Electrically-powered, environmentally friendly, with a speed of 20,000 rpm. These are some of the features of an unusual compressor unit designed for the sensitive field of large-scale natural gas storage - the product of a European industrial partnership which is a model of its kind.
The big natural-gas distribution companies
buy much of their stock in summer, when prices are lowest. Before
they can sell it off in winter, they have to store it in huge natural
caverns. In order to accommodate such large volumes, however, the
latter must be reduced. This is done by means of motorcompressors,
i.e. compressors driven by electric motors. Traditionally, between
the motor (running at a maximum of 3,000 rpm, determinated by the
50Hz frequency of electric current in Europe) and the compressor
(running at between 6,000 and 20,000 rpm in order to improve efficiency)
a gearbox needs to be installed. All of which creates efficiency,
reliability and maintenance problems.
The contribution made by MOPICO
After looking at ways of addressing this issue in the late eighties, engineers developed the new concept of the electric compressor unit, which was hailed as revolutionary. Thanks to a special device - a frequency controller - the requisite rotation speeds are attained and the gearbox can be dispensed with.
In this early application, christened MOPICO (Motor Pipeline Compressor) and designed for transporting gas, the motor and the compressor form a single unit; the rotating part is supported by magnetic bearings, allowing the system to operate without oil, and hence without causing pollution.
MOPICO does nevertheless have certain limitations, due to the integration of the motor and the compressor. It isn't suitable for corrosive gases and it can't develop the large pressure ratios needed for applications such as gas storage.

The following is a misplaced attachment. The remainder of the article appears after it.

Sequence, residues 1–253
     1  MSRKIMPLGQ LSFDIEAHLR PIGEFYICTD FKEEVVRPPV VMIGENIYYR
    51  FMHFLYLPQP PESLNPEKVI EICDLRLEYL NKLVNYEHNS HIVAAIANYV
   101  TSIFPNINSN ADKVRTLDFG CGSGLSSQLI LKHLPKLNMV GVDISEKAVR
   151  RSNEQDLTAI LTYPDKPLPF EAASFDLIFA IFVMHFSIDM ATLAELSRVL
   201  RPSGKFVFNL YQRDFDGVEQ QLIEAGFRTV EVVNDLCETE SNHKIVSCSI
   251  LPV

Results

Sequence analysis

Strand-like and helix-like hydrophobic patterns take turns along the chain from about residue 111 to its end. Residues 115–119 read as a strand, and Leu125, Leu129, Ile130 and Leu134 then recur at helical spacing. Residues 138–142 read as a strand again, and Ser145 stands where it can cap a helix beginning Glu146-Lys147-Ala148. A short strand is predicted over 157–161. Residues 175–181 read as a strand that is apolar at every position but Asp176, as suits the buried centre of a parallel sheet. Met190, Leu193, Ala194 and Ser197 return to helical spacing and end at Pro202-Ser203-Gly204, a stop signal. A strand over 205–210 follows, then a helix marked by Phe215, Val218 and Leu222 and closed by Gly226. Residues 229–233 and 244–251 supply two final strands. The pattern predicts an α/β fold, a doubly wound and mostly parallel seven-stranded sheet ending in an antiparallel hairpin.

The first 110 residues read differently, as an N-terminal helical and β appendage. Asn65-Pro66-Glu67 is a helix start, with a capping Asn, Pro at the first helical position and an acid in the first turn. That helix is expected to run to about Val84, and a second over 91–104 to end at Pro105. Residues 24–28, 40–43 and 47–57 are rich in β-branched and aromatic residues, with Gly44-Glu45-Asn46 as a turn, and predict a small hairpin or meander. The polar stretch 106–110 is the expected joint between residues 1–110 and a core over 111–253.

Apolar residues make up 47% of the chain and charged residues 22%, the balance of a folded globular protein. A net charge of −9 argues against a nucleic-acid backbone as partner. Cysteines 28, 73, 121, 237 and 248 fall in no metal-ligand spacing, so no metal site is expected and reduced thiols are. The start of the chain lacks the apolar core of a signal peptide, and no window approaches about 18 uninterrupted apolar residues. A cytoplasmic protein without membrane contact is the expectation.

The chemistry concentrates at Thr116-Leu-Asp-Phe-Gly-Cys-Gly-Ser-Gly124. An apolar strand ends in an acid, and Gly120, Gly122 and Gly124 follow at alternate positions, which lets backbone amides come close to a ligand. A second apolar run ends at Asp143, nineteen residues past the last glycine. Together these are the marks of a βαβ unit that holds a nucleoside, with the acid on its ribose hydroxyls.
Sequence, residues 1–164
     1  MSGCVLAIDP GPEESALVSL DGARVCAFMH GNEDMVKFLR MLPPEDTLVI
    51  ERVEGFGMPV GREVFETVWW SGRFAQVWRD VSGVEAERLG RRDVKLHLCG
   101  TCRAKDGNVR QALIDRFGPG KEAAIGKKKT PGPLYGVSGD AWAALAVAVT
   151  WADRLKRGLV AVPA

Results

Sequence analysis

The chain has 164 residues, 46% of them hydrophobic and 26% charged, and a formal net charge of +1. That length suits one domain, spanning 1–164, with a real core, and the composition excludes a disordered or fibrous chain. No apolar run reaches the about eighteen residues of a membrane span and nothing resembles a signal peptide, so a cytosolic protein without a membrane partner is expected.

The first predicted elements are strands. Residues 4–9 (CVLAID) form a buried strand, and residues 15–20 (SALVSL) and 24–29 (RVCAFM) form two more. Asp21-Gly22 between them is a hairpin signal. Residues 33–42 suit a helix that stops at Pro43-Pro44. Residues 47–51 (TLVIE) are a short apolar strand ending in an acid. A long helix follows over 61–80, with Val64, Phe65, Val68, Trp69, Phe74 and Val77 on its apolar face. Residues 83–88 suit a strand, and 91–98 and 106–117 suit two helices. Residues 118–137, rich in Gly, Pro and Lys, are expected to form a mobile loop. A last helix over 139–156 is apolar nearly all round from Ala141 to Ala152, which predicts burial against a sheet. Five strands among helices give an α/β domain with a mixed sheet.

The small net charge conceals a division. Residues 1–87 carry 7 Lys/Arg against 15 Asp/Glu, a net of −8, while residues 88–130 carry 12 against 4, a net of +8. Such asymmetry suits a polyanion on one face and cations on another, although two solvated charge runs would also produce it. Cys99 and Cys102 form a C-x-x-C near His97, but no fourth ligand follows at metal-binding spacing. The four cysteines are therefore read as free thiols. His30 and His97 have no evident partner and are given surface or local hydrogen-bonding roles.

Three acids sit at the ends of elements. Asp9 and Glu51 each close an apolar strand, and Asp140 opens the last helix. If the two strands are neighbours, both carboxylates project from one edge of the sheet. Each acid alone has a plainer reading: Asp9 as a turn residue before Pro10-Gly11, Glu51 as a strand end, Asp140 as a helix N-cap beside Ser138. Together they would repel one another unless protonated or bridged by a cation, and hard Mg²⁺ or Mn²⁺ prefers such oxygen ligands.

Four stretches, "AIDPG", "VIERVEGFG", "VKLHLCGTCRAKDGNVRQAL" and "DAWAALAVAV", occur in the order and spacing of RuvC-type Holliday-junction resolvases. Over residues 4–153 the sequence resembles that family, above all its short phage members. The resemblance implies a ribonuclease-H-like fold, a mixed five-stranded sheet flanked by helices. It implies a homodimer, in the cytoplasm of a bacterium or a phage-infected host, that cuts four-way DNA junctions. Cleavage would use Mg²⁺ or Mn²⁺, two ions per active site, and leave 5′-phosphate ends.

New advances with HOFIM
In 1990, a new project was launched under the BRITE-EURAM programme. Known as HOFIM (High Speed Oil Free Intelligent Motorcompressor), it brought together Belgian, French, British and Swiss partners.
This time, the engineers decided to separate the compressor and motor again, in order to attain the necessary pressure ratios, while still retaining the concept of an oil-free motor and compressor (mounted on magnetic bearings).
For Dominique Gilon, coordinator of HOFIM, "the success of such a project hinges as much on the quality of the human relations between the various participants as on the technical skill of the firms involved. It's vital that the partners have confidence in each other, from the preliminary discussion phase of the project right through to the final tests - where things don't always go exactly as planned..."
World first: conclusive tests
The HOFIM compressor unit was built in 1992. Fully automated and remotely controllable, it runs at 20,000 rpm and has an output of 2MW. Extremely safe, non-polluting, economical and far more compact than traditional installations, HOFIM consumes 15% less energy than conventional solutions and requires very little maintenance.
In collaboration with the German firm EWE, a new
project christened HIT (Hofim Industrial Test) was launched the
following year under the THERMIE programme. Its objective was to
install the prototype at the Nüttermoor industrial plant. A
400,000 m³ cavern was filled with 40 million cubic metres of
gas. In order to compress the latter, a pressure of 150 bar had
to be obtained, i.e. 150 times atmospheric pressure.
Once again HOFIM passed the test with flying colours. "The motorcompressor has accumulated 7,500 operating hours to date," comments Dominique Gilon. "That may not seem much - considering that it was commissioned three years ago, but you have to remember that, being designed to fill storage caverns with gas, the motor only works during the summer months. This type of compressor unit is already attracting a great deal of interest and we've received numerous offers which are currently under discussion."
The partners have registered patents in Europe and the United States. This type of direct-drive motorcompressor can be used for many other applications besides gas storage, and represents a market worth an estimated ECU 25 million per annum.